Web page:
That time wasn't wasted.  It was wonderful.  When I started this my depression wasn't even being treated.  This is where I started.  You've taken me from there to here.

Thank you all.

It got worse; possibly/probably goodbye

This morning, around 2 AM, I woke to the sound of steam.  It was coming out of two tiny holes in a joint in a copper pipe, with some indications there might be a third hole, coming out of my furnace.  I turned the thing off and set about contacting the heating guy.

He just left.  I may not have a place to live.


So apparently the whole thing with the loose valve was just a symptom of a larger problem anyway.  If I hadn't fucked up with turning the valve the wrong way maybe it would have taken longer for things to come to light, but the problem was already there since that's what let me know that there was something wrong which in turn led to me checking all of the valves and finding that one was loose.

It probably happened when I had no heat.  The thing probably froze.

Just took a while for it to show it was broken, is all.

Regardless, it needs to be replaced.

What needs to be replaced?  The heart of the system.  Technically the thing in my basement isn't known as a furnace, it's known as a boiler.  It's a confusing name because a part of the system is itself the boiler.  The boiler in the boiler.

The boiler is what broke and needs to be replaced.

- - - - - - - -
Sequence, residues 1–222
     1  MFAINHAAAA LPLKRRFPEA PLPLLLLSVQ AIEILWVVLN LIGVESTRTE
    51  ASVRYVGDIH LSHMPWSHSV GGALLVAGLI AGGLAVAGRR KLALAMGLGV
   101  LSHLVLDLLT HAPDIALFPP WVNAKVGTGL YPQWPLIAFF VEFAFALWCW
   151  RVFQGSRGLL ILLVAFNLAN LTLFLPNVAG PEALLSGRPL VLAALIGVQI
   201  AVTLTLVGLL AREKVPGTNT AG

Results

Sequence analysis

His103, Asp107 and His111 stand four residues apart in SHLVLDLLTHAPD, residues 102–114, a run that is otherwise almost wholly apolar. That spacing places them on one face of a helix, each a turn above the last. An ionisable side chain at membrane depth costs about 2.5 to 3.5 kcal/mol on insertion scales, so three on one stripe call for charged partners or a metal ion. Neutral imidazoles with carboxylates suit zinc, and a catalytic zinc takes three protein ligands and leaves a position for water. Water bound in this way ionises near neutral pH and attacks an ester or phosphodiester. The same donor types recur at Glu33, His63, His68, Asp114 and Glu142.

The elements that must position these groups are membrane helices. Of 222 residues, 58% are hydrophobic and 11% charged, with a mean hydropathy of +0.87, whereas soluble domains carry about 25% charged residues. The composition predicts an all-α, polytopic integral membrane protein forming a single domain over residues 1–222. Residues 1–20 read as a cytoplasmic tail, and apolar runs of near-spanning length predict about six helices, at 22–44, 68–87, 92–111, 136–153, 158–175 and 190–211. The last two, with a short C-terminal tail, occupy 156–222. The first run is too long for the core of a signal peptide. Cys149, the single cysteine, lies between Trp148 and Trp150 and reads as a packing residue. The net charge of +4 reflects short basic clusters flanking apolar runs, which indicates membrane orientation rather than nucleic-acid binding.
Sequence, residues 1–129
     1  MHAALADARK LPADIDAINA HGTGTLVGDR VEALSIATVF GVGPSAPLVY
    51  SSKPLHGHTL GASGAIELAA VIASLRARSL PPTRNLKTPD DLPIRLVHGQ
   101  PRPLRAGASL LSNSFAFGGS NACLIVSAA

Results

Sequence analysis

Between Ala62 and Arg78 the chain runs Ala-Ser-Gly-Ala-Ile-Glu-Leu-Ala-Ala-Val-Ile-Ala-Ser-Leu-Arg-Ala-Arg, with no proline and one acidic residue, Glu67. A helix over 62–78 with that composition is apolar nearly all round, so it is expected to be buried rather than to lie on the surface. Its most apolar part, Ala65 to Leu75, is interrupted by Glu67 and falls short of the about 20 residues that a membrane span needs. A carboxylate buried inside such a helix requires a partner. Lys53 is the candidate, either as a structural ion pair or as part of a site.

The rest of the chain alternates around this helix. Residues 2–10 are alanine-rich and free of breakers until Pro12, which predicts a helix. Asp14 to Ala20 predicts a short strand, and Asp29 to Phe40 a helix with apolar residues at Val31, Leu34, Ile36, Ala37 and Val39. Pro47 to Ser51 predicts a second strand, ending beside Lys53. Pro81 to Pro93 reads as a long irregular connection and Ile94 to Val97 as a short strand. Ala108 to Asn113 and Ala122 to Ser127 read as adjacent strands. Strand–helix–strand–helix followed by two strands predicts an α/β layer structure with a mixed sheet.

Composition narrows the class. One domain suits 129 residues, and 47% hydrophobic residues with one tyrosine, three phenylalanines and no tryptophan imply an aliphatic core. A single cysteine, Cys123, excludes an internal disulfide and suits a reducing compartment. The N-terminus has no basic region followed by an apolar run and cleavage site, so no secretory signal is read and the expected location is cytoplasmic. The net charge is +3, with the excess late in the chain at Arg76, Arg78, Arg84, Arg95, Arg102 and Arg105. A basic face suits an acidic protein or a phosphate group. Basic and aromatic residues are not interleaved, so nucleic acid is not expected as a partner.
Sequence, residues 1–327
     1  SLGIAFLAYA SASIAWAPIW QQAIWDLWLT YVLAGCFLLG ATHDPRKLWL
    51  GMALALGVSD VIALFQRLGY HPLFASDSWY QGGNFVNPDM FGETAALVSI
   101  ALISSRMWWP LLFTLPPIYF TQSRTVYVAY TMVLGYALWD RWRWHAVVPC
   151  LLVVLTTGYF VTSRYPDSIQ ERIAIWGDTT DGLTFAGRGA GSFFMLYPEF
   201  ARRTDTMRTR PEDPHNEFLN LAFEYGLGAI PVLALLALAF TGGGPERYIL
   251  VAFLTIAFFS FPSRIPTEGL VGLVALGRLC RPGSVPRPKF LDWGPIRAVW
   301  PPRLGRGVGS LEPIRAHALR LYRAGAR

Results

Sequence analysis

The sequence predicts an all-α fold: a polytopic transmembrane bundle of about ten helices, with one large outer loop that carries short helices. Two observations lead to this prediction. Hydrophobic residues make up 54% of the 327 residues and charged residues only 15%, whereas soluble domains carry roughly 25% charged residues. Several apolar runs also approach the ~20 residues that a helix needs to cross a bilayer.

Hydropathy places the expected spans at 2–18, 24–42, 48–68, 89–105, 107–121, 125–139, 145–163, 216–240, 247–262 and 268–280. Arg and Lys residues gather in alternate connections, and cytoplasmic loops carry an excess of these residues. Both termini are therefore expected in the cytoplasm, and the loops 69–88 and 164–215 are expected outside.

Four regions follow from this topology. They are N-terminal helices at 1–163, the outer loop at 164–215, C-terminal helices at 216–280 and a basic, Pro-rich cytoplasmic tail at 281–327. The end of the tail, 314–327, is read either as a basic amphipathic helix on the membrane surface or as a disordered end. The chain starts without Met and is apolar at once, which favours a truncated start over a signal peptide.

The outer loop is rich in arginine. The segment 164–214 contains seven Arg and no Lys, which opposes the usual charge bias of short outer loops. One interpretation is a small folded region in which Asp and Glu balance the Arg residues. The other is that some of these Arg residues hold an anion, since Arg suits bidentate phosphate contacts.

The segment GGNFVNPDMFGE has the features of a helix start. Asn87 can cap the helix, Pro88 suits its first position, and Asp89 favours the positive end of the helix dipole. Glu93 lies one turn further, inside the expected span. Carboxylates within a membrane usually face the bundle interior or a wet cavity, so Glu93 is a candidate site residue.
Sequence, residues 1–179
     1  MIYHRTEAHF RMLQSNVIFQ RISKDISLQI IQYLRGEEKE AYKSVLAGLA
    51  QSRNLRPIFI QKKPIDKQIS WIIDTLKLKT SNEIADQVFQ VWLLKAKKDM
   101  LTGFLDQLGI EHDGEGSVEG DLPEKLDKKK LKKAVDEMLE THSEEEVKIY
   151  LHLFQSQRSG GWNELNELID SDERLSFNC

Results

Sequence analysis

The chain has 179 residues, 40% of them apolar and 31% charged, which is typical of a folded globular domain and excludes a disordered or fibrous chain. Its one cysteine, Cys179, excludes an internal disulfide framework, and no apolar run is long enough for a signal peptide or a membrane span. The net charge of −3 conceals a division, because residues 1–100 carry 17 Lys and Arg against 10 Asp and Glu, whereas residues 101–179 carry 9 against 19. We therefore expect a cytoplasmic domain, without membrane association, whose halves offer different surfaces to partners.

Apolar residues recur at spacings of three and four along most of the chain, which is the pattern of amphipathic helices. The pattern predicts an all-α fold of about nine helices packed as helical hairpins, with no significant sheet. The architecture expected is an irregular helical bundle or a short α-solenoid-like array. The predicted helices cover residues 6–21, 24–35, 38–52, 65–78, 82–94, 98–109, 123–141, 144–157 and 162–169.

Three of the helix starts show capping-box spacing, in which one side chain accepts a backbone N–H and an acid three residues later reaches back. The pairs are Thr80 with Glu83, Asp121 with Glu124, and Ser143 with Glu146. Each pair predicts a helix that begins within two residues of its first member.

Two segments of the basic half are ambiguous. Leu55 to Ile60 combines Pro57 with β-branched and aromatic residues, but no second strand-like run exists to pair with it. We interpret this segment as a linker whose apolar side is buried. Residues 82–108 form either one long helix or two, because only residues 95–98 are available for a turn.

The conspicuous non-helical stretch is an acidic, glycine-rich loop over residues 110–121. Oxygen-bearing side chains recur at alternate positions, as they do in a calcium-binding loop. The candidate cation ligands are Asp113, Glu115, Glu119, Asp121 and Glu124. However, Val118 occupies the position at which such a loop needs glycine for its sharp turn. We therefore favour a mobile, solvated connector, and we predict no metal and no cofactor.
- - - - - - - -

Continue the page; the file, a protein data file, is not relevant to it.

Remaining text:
Initial estimate: $6,000.

Of course that's an estimate from a repair guy who wasn't expecting to find that the most important part of the system, around which everything else is based, was broken.  He needs to contact his suppliers to get an exact cost.

He doesn't do financing options because his suppliers like to be paid in cashy-money


I have to suddenly pull 6,000 dollars out of thin air.
I have to find someone who installs boilers on the spur of the moment in this area who does do financing and has an open appointment before the heat already in the house goes away.  (And get a down payment somehow.)
I have to resign myself to not having a place to live while draining all of the pipes in my house because the place will freeze and that tends to burst pipes.

My mother is again talking about probably needing to sell the house.

I believe the appropriate term for what I am is "fucked".


Not that I'll be on the street.  In all likelihood I'll just have to take my cat and my lizard and move in with an abusive family member.


I think this is goodbye.  Hopefully just for now, not for good.  But I have no clue how long "For now" will be.

I have been so grateful to everyone who has read here.  Thanks.

Be well.

Monday, February 23, 2015

Need to replace my phone, my shower head, my peace of mind, and god knows what else

I found the charger to my phone today.  That's actually a bad thing.  It means that I didn't leave the phone charging in an odd spot.  Which means that, in all likelihood, the reason I couldn't find it before coming home was that it fell out of my pocket, and if it fell out of my pocket it is much more likely to have done so outside where it will never be seen again.

So, I probably need a new phone.


When I got home yesterday there was something wrong with my shower.  The water that came out of it was ... odd.  Dirty, strange.

I was able to, apparently correctly [see update], diagnose the problem as a valve being insufficiently tight on my furnace thus crossing the radiator water and the water-water.  (Hot water only, for whatever it's worth.)

I then did what I am always most likely to do in a case like that: I turned the valve the wrong way.